When using a column purification system, it is important not to draw down the column completely empty. Bubbling or splattering as the product is drawn from the column is an indication of breakthrough of argon. For the column to be functional again, a lengthy priming operation may be needed.
7.C.7 Ultrasonicators, Centrifuges, and Other Electrical Equipment
The use of high-intensity ultrasound in the chemical laboratory has grown substantially during the past decade. Human exposure to ultrasound with frequencies of between 16 and 100 kHz can be divided into three distinct categories: airborne conduction, direct contact through a liquid-coupling medium, and direct contact with a vibrating solid.
Ultrasound through airborne conduction does not appear to pose a significant health hazard to humans. However, exposure to the associated high volumes of audible sound can produce a variety of effects, including fatigue, headaches, nausea, and tinnitus. When ultrasonic equipment is operated in the laboratory, the apparatus must be enclosed in a 2-cm-thick wooden box or in a box lined with acoustically absorbing foam or tiles to substantially reduce acoustic emissions (most of which are inaudible).
Avoid direct contact of the body with liquids or solids subjected to high-intensity ultrasound that promotes chemical reactions. Under some chemical conditions, cavitation is created in liquids that induces high-energy chemistry in liquids and tissues. Cell death from membrane disruption can occur even at relatively low acoustic intensities. Exposure to ultrasonically vibrating solids, such as an acoustic horn, can lead to rapid frictional heating and potentially severe burns.
High-speed centrifuges and ultracentrifuges rely on rotors designed Specifically for the particular make and model. These rotors are subject to high mechanical stresses from the forces of the rotation speed. Rotors are rated for a maximum speed and a load of Specific weight. Improper loading and balancing can cause the rotors to dislodge while spinning. Failure of the rotors may present a number of hazards: violent movement of the unit itself may cause injury or damage to equipment, electrical lines, gas lines, etc.; flying shrapnel may cause personal injury or facility damage; and some units are susceptible to explosions due to the configuration and materials of construction. (See Vignette 7.3.)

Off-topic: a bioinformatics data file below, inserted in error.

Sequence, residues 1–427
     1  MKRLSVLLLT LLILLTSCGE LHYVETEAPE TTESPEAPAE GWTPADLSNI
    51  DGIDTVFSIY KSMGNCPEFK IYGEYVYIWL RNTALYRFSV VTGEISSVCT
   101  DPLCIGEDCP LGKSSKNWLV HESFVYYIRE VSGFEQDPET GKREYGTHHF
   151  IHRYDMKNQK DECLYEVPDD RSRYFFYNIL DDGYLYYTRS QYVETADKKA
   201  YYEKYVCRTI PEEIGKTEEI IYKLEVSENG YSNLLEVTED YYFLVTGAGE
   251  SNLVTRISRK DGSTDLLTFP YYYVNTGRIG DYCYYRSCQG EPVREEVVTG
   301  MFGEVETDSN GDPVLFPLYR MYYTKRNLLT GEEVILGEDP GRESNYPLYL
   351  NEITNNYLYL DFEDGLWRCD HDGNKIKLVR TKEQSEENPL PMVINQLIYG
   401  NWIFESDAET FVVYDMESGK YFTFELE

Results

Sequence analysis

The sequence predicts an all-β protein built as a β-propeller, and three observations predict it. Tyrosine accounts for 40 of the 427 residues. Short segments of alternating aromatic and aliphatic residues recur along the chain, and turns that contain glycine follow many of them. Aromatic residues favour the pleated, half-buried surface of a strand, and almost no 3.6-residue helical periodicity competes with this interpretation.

The following precautions should be taken when operating and inspecting centrifuge rotors:
• Balance the load each time the centrifuge is used. The disconnect switch should automatically shut off the equipment when the top is opened.
• Do not overfill the centrifuge tubes. Ensure that they are hung properly.
• Ensure that the lid is closed before starting the centrifuge.
• Do not overload a rotor beyond the rotor’s maximum mass without reducing the rated rotor speed.
• Follow the manufacturer’s instructions for safe
Lab workers had left samples running unattended in an ultracentrifuge using a large aluminum rotor that previously had been used multiple times without incident. The rotor dislodged while spinning at 20,000 rpm. Friction generated heat and finely divided aluminum powder while at the same time, the refrigeration lines ruptured and released Freon. The mixture of aluminum powder, heat, and Freon confined in a large airtight area resulted in an explosion. The safety shielding within the unit did not contain all of the metal fragments. The flying shrapnel damaged a refrigerator and freezer and gouged holes in the walls and ceiling. The movement of the unit itself damaged cabinets and shelving that held more than 100 containers of chemicals. Fortunately, the cabinets had sliding doors that prevented the chemical containers from falling and breaking. The shock wave from the explosion shattered all four windows in the lab and caused structural damage to the walls. Fortunately, because the lab was unoccupied, no one was injured.
The cause of the incident was the use of a rotor that was not approved for the particular unit. There was a warning decal on the unit explaining which model rotors were acceptable. The unit was more than 25 years old and not designed to current safety standards, resulting in more physical damage than what would be expected. There was no use log or derating of the rotor, and the operator had not been fully trained. The manufacturer’s instruction guide for the unit described similar incidents.